No Bed Of Roses – The Other End of the Stethescope
By Roger MacDougall
“Although there’s not much pain in it,
Is no bed of roses
I know, I’ve lain in it”.
Being at the wrong end of a stethoscope can be an unpleasant experience for the over-imaginative. Being at the wrong end of a neurologist’s little rubber hammer is an experience I found to be even more trying. And when I was asked to think about peaceful scenes like a glorious summer’s day at the beach , or a pastorally symphonic farmyard scene with Devon cattle lowing and barnyard fowls crowing and clucking, while I was at the receiving end of a syringe which that same neurologist was sticking into my spine, my mind, as they say, boggled. That was not a time for thinking beautiful, peaceful thoughts. That was a time for thinking cowardly, panic-stricken certainties of death and graveyards and coffins.
That man was sucking out my spinal fluid and make calculations to determine whether I had a tumour in the brain or merely an attack of some lethal neurological disease. And he was asking me to think about peaceful summer days. That man was a maniac. And a dangerous maniac.
These were my thoughts as I submitted to a diagnosis at Queen Square Hospital, just over 20 years ago. And I have never had occasion to go back on them.
Because I was terrified and helpless, I stayed with my tormenters for four years. Every so often I was taken in to have some new indignity perpetrated on myself. A transfusion of fresh blood! A course of arsenic poisoning! (True.) And then, after four years, I summoned up enough courage to leave them for good.
I had become sufficiently inured to my state of blindness and near paralysis, to be able to think more clearly about the whole wretched business and, thinking clearly, it was obvious that these learned gentlemen were stumbling about in the dark and hadn’t any idea where they were going – bumping into each other, bumping into their patients, in a ludicrous game of blind man’s buff. I decided that was a game I had out grown.
And that was the best decision I ever came to in my whole life, because while they are still lurching around at their pathetic little parlour game, pretending to write erudite papers on the subject of neurology, pretending to look after the unfortunate little flies who became entangled in their web, here am I, 100 percent, fit again, not cured, but stabilized as healthy as any 62-year-old with thousands of unfortunates following in my foot steps and beginning to feel the benefit.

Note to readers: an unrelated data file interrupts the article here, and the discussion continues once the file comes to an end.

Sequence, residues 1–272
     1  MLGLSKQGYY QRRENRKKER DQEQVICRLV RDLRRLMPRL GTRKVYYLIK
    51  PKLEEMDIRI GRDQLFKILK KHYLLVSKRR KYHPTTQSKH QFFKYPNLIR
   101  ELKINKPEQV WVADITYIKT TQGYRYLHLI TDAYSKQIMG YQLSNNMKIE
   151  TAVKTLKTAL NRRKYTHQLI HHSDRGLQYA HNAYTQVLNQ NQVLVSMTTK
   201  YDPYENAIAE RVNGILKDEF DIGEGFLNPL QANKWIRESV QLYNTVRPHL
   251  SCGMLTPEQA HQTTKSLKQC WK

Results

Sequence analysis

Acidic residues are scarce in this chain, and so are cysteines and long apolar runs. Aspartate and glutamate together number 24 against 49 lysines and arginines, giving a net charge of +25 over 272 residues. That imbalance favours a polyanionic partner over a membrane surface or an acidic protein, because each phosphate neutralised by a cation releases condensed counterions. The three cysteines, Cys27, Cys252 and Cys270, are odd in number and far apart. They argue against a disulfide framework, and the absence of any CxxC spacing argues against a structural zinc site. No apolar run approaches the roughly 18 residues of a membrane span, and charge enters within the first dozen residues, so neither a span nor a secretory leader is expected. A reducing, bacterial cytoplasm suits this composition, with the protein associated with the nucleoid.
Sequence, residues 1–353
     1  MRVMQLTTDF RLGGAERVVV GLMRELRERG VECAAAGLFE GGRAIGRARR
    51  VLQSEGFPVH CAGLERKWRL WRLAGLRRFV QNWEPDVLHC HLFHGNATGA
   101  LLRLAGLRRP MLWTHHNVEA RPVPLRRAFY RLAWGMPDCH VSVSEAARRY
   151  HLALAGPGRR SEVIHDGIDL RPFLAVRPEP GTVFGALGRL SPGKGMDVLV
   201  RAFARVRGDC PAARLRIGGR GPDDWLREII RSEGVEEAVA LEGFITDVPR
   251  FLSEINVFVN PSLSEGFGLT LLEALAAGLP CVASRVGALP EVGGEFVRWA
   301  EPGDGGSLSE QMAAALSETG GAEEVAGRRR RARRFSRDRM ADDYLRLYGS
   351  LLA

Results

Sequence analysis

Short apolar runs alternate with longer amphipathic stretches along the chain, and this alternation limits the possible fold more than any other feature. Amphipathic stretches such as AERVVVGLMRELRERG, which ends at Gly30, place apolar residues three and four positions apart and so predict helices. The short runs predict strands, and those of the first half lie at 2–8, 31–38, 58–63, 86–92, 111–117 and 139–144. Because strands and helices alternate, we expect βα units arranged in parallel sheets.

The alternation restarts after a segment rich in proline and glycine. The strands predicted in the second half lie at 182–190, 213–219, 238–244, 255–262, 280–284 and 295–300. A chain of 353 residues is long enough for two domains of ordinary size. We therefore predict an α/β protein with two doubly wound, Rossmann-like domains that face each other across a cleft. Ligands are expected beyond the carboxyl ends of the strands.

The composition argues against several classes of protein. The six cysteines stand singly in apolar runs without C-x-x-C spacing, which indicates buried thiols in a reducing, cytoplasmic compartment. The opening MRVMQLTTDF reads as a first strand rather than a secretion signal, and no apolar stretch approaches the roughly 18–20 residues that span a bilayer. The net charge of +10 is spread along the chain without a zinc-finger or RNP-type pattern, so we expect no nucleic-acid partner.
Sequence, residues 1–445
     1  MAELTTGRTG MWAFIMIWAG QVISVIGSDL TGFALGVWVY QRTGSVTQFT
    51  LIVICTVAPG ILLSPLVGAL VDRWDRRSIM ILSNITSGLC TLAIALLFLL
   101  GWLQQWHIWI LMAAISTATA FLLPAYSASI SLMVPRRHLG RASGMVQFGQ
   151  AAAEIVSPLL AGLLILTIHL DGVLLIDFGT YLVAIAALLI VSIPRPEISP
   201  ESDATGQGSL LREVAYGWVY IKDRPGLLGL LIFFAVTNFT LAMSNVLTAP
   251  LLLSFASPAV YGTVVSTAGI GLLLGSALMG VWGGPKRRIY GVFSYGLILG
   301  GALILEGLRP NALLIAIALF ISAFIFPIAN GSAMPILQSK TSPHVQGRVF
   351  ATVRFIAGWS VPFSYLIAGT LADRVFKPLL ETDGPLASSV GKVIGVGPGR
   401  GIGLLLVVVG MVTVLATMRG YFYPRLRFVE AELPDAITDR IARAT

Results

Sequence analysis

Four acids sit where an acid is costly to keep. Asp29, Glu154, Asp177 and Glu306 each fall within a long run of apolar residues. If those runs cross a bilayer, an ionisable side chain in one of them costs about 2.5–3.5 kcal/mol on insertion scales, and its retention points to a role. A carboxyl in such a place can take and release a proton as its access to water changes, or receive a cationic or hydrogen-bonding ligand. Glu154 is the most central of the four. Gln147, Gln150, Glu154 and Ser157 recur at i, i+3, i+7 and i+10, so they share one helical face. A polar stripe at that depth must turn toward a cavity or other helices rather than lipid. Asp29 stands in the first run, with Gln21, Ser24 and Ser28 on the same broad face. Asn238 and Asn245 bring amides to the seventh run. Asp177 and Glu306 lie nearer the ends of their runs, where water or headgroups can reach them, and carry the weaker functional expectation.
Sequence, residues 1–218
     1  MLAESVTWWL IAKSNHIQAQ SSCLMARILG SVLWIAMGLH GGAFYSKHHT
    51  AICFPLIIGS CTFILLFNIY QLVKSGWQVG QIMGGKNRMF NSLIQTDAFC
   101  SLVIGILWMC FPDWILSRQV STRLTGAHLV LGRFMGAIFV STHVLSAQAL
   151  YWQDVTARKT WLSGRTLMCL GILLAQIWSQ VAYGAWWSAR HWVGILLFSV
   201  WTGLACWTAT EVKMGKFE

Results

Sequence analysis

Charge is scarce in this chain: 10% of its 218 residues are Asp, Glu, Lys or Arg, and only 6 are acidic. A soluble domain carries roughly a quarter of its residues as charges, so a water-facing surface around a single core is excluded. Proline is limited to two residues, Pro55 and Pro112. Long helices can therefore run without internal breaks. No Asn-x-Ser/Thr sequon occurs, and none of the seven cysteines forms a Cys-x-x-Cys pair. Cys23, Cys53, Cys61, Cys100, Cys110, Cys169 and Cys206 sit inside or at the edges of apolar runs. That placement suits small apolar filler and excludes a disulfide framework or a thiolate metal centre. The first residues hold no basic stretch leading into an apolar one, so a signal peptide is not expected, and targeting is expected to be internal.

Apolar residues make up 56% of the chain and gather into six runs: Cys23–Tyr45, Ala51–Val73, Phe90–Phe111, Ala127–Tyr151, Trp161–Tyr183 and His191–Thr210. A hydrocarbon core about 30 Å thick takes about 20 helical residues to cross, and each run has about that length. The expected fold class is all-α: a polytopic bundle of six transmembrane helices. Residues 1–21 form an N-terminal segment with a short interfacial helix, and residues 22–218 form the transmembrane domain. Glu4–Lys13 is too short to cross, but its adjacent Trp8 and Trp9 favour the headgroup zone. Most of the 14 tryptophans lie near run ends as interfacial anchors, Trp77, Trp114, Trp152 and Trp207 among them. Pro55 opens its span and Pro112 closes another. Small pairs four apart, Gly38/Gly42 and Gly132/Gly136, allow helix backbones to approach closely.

Are these gentlemen aware of what has happened to me. Of course they are aware of what has happened to me. I’ve told them,and, a year ago, one of their number came to examine me.
He found vestigial traces of multiple sclerosis in some nerve located near my right heel, but not much else. He was puzzled. I could see he was puzzled. And subsequent events proved that official complacency had been somewhat shattered.
Investigations into a gluten-free diet have been set up at Manchester, Edinburgh, and Ulster. So that now when people write to the MS Society to ask what is known about my diet, the MS Society can proudly say that its possible efficacy is being tested.
And, as you might guess, this is not true. The efficacy of my diet is based on the assumption that while gluten is one of the causes, certain deficiencies are equally important. And a gluten-free diet is usually achieved through the loss of a certain amount of vitamin B which happens to be already one of the principle deficiencies. The test that is being conducted might produce negative results.
If I’ve written one letter to point this out, I’ve written 100. But communication up the stethoscope seems to be impossible. In these matters, the stethoscope is a one way instrument. It can hear the murmurings of your heart, but it seems to be totally unable to hear the shrill, urgent alarm calls of your voice.
I’ve been shouting up that stethoscope for more than a year now, shouting until I’m hoarse, and worse, shouting until I’ve become a compulsive shouter up stethoscopes.